Google has announced that it has partnered with a nonprofit organization called CyArk to help preserve historically-significant architectural marvels that are at the risk of irreversible damage either because of natural disasters or because of human actions.

Called the Open Heritage Project, the joint effort will capture these monuments in 3D by laser scanners with millimeter precision using CyArk’s 3D laser-scanning technology.

The images will help recreate these sites virtually so as to preserve them for future generations even if they happen to get destroyed by some unfortunate turn of events. The scanned images are also expected to be used to identify areas of damage and assist restoration efforts. The 3D images can be explored either on a computer, smartphone, or virtual reality headset.

CyArK, the company which originally started the project, was founded by Ben Kacyra, who is one of the creators of the world’s first three-dimensional laser scanning system. Now, Google Arts and Culture is not just tying up with the organization, but also opening up access to the virtual treasure trove of 3D-scanned medieval architectural marvels for everyone.

“As part of this new online exhibition you can explore stories from over 25 iconic locations across 18 countries around the world, including the Al Azem Palace in war-torn Damascus, Syria and the ancient Mayan metropolis of Chichen Itza in Mexico”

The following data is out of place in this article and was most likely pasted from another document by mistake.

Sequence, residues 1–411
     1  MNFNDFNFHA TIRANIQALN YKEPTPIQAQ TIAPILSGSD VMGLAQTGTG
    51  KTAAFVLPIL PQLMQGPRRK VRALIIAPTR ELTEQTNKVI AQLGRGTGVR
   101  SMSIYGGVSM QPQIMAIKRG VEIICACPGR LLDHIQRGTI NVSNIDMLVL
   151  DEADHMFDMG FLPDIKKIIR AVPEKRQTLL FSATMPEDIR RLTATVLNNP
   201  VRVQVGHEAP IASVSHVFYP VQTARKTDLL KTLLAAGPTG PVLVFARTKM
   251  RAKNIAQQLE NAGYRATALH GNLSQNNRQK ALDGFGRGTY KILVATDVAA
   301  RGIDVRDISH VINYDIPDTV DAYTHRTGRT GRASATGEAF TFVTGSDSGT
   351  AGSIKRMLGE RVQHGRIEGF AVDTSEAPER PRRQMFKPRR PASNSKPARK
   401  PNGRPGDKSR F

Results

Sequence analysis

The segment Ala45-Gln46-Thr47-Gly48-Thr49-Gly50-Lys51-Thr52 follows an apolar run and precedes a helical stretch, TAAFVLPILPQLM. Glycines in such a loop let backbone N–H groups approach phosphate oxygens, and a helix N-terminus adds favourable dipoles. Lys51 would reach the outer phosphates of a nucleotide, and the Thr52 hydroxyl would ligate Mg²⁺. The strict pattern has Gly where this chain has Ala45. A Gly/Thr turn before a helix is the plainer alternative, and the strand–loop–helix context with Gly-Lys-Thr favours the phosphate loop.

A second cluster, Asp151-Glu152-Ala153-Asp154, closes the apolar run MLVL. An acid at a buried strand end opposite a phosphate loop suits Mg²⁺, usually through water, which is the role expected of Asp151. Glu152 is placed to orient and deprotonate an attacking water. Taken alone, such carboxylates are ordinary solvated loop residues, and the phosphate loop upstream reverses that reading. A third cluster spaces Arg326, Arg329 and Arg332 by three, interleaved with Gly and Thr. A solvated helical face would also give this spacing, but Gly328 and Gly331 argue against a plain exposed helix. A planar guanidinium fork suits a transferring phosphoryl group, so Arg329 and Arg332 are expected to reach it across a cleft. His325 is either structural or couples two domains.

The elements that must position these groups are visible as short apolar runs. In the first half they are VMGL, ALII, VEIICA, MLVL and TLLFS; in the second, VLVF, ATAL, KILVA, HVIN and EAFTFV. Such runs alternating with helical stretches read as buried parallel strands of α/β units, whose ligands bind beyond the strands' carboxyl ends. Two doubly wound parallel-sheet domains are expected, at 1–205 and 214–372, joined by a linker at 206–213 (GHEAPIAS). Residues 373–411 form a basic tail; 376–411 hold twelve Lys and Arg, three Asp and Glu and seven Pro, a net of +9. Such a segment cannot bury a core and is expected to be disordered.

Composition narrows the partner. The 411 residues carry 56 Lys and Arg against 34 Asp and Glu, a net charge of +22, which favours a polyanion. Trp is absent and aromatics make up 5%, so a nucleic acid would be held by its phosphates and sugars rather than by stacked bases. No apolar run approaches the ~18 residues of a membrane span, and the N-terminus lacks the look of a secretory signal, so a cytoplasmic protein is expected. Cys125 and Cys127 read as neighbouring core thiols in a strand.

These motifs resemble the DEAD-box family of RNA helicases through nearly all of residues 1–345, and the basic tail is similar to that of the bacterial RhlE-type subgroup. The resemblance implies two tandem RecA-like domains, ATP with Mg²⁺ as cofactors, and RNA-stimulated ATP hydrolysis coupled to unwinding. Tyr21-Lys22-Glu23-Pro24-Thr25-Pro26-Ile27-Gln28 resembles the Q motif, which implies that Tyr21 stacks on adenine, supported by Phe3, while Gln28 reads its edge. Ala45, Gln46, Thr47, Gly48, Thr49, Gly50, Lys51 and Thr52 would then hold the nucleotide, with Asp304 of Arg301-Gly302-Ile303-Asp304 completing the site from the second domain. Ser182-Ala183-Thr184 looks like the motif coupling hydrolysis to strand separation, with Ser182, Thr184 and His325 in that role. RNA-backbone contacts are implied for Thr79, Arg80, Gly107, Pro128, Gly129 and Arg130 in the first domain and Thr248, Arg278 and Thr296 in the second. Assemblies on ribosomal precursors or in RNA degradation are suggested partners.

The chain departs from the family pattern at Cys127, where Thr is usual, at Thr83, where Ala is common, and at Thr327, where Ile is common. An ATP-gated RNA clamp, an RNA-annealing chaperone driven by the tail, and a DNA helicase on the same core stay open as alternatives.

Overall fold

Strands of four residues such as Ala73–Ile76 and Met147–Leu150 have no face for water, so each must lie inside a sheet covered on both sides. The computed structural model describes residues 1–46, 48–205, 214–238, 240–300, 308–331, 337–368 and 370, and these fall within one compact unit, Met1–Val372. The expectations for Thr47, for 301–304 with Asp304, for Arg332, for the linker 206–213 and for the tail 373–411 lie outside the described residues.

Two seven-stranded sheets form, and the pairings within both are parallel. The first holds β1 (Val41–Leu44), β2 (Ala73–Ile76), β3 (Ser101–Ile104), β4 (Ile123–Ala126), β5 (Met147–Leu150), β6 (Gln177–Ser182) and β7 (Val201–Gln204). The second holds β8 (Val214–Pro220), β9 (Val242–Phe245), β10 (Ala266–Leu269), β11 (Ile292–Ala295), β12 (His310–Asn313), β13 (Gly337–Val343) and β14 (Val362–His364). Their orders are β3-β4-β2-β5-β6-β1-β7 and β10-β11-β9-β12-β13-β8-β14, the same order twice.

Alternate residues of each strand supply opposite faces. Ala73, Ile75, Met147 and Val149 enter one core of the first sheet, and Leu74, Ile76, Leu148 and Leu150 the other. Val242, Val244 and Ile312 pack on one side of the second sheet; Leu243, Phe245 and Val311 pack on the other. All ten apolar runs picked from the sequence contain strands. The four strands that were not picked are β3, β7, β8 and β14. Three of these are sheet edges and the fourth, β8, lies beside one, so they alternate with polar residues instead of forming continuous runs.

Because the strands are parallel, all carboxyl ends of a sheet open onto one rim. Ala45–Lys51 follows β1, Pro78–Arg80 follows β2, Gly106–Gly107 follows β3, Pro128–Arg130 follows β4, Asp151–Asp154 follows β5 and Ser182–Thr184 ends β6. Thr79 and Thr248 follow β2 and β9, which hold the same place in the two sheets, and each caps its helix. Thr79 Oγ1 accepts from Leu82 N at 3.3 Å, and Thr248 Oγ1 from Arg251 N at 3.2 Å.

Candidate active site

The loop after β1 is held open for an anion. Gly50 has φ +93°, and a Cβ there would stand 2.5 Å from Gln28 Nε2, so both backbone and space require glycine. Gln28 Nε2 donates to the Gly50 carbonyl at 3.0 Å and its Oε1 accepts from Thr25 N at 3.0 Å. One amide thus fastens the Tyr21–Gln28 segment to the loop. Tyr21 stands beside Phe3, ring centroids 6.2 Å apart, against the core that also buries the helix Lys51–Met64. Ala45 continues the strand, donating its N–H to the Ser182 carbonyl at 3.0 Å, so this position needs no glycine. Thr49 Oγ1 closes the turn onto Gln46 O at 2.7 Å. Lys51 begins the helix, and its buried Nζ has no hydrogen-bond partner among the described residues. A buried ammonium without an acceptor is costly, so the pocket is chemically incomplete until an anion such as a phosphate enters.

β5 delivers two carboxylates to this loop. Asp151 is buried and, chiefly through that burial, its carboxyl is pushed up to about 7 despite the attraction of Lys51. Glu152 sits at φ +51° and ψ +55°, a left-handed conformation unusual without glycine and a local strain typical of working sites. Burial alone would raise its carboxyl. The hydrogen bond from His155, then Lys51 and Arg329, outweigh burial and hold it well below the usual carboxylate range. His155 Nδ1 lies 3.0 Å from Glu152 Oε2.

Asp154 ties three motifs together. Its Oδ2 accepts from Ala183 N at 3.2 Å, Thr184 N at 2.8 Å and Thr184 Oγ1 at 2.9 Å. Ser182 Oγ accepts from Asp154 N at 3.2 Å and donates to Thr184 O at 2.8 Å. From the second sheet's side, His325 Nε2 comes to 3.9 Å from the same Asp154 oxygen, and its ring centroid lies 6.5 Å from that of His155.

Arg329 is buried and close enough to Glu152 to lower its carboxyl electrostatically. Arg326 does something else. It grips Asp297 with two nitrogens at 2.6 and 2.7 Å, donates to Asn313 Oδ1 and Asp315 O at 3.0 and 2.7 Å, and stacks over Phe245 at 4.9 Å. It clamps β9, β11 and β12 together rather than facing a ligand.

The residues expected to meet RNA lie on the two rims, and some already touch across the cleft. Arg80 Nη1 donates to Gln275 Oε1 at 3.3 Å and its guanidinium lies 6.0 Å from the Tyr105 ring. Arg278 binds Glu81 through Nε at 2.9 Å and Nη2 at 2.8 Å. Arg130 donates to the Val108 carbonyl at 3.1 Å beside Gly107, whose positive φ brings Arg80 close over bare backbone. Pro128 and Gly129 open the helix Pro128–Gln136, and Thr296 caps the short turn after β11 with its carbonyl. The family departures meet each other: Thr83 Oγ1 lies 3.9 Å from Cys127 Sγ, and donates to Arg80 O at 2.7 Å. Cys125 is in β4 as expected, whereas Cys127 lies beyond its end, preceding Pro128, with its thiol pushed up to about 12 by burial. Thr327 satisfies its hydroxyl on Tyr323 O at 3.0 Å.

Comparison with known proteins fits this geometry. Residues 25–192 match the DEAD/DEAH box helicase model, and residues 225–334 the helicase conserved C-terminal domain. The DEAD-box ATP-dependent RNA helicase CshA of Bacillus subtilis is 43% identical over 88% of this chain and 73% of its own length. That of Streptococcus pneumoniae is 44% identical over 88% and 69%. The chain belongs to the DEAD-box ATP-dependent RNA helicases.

Over the years, monuments like the 1,500-year old Buddhist statues in Bamiyan, Afghanistan, and the 2,000-year old Temple of Bel in Palmyra, Syria, have all been razed to the ground either by religious fundamentalists or due to other conflict, or natural disasters. Unfortunately, none of those were 3D scanned before they were destroyed, which means they’ve been lost to the future generations forever.

Thankfully, however, the temple pictured above in Bagan, Myanmar, was scanned by CyArk before a 2016 earthquake destroyed it, alongside many of the other historic structures in the city. The scanned images have now helped Google to reconstruct many of the city’s key monuments in virtual 3D. In case you’re interested to explore the Open Heritage Project, you can download Google’s Art and Culture app for free on Android or iOS.